Earlier this month, we noted that, to close out its session, the Utah legislature decided to pass
two separate blatantly unconstitutional bills. One requiring porn filters on internet-connected devices, and the other that tried to
overrule Section 230 (something states
can’t do) and require all “social media corporations” to employ an “independent review board” to review content moderation decisions. It also says that social media companies must moderate in an “equitable” manner (whatever that means).
We went through all of the reasons why the bill was unconstitutional, as did others in Utah. In response, the bill’s sponsor, Senator Michael McKell, gleefully told a local TV news station that he looked forward to wasting Utah taxpayers’ hard earned money by defending it in court (he didn’t say that it would be wasting the money — that’s just us noting that it would be throwing away their money since the law is so clearly unconstitutional).
Thankfully, Utah Governor Spencer Cox (who happens to be Senator McKell’s brother-in-law) has decided to veto the bill — his very first veto (as we noted earlier, he chose to sign the other unconstitutional bill about porn filters).
Oddly, Cox’s office released two separate statements regarding the veto — only one of which notes that the bill was likely unconstitutional, while the other one seems to act like the bill just needs a few technical tweaks. It’s almost as if he’s trying to have it both ways and address two different audiences with two very different statements. The official veto statement makes it clear that the bill has serious constitutional issues:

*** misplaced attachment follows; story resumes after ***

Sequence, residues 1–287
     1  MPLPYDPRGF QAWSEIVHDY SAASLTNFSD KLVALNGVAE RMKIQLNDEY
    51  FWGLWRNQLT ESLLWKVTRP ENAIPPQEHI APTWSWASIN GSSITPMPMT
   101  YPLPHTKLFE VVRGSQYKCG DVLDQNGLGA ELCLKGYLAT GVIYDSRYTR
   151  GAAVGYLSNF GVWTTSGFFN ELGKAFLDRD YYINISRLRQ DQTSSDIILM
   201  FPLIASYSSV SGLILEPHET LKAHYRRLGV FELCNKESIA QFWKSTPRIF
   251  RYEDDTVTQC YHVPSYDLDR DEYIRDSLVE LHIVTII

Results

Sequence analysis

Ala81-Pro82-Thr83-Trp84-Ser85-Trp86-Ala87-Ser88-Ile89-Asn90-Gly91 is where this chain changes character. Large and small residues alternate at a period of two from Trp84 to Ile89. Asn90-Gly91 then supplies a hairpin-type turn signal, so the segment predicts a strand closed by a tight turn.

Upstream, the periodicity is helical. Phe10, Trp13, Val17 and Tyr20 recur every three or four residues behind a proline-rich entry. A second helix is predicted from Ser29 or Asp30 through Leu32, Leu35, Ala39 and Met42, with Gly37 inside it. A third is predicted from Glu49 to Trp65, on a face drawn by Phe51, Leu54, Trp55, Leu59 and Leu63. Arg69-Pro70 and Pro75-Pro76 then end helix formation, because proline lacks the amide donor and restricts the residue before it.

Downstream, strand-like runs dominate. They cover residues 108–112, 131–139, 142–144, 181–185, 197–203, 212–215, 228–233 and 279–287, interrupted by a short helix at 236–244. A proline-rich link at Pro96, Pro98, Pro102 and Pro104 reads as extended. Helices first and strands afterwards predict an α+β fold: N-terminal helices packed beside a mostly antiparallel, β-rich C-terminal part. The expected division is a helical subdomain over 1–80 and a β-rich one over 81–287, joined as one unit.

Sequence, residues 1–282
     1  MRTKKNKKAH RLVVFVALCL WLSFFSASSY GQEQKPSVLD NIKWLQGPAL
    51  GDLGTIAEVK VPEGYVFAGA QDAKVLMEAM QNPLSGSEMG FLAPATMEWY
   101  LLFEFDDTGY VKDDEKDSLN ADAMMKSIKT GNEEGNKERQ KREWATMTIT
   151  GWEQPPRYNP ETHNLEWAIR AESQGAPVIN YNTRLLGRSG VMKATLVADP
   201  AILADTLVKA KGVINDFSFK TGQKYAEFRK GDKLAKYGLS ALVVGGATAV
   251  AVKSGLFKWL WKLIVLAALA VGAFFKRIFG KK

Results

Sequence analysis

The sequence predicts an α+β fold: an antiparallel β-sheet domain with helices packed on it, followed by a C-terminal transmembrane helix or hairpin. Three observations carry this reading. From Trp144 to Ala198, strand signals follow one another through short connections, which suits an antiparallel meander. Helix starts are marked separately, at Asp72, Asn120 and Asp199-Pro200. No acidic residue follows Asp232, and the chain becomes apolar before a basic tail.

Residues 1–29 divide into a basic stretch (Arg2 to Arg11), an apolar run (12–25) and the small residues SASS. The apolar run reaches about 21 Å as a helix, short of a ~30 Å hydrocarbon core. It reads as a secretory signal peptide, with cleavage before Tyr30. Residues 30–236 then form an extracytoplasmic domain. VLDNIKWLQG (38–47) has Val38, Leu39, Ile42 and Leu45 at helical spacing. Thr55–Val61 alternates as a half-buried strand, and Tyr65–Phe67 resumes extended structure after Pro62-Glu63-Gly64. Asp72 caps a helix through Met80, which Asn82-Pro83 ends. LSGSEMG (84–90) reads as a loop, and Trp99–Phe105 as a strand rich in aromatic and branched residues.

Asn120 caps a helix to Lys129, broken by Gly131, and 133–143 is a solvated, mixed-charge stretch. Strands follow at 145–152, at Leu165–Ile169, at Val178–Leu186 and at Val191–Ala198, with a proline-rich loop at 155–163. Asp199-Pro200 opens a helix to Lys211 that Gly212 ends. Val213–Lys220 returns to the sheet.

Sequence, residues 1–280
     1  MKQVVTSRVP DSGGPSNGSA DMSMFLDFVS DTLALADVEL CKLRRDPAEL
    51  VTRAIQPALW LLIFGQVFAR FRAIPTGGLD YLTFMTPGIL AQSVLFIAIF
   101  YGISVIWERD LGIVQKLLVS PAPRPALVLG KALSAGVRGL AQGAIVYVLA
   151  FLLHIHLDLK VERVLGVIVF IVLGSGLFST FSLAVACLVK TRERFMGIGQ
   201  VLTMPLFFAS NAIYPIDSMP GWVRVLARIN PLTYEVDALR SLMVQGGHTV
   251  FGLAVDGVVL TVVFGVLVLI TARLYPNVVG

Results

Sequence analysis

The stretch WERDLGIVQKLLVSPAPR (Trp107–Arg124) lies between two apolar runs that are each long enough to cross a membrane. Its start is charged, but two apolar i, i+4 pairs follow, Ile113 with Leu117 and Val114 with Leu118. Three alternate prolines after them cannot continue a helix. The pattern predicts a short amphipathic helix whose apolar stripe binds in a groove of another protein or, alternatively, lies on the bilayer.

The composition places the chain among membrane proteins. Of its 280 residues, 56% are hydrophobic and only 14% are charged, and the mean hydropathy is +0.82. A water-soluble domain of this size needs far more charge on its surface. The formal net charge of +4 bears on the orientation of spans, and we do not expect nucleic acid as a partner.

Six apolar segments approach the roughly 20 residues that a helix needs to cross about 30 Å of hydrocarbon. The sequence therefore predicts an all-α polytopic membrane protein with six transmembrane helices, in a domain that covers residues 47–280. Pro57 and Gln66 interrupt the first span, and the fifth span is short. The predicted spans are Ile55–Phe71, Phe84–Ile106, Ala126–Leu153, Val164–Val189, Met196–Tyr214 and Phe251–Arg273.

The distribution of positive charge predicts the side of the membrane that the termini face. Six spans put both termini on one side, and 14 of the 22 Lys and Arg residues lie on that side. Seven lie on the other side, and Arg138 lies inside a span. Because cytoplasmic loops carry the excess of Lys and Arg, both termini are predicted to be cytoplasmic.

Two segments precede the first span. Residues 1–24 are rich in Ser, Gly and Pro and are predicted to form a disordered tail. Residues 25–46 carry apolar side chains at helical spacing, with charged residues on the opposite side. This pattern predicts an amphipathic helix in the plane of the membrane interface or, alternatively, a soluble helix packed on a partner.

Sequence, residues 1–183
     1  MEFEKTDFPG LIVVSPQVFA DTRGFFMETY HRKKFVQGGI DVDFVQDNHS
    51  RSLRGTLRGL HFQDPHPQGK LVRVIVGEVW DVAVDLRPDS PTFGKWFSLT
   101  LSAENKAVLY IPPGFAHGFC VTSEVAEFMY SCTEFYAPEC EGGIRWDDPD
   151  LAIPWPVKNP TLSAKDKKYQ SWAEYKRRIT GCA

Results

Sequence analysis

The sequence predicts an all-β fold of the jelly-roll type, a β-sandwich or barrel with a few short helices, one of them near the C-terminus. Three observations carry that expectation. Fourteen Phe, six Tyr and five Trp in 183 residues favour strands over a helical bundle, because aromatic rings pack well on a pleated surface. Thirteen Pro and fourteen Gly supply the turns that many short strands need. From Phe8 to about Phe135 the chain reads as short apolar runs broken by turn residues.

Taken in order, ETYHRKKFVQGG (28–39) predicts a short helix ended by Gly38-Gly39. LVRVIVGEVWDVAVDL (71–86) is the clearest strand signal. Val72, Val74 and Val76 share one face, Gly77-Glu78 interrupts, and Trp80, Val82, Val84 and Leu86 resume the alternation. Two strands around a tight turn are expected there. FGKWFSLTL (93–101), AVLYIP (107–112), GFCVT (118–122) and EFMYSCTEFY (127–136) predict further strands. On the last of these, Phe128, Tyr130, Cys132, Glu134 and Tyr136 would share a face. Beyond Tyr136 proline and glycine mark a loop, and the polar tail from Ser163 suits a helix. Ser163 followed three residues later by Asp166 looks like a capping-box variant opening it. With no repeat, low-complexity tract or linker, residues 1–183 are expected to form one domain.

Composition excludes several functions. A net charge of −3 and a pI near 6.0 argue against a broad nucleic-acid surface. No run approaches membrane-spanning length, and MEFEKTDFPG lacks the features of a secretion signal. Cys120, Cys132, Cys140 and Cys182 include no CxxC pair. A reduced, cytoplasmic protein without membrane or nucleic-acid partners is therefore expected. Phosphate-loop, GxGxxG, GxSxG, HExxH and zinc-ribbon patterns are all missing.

Whatever course of action we take to protect online speech should seek to fully uphold the values enshrined in the First Amendment. While it is clear that something must be done, I believe that S.B. 228 raises significant constitutional concerns. And while I am proud that Utah is leading the effort to protect individuals’ speech on the internet, I believe we will be well served to continue further coordination with our sister states to ensure faire access to the nation’s largest public square.
Um, yeah, no. The government does not get to force anyone to host anyone’s speech. That’s not how it works. At all. The very notion of it is against the principles of the 1st Amendment.
The other statement, that Senator McKell himself posted to Twitter (after whining about the fact that his brother-in-law vetoed his bill) pretends that there are real serious issues involved in all of this, rather than silly, unconstitutional performative nonsense.
That statement doesn’t even mention the constitutional issues and instead suggests that there were merely “technical issues” that got in the way (apparently some in Utah think the 1st Amendment’s prohibition on compelled speech, as well as the Constitution’s Commerce Clause are merely “technical issues”).
Gov. Spencer Cox vetoed S.B. 228 Electronic Free Speech Amendments, with consent from the Senate President, Speaker of the House and bill sponsors. After conversations with the legislative and executive branches, this action was jointly determined as the best path forward due to technical issues. Censorship by tech companies is a serious concern, and this action will not hinder nor prevent Utah from finding the right policy solution.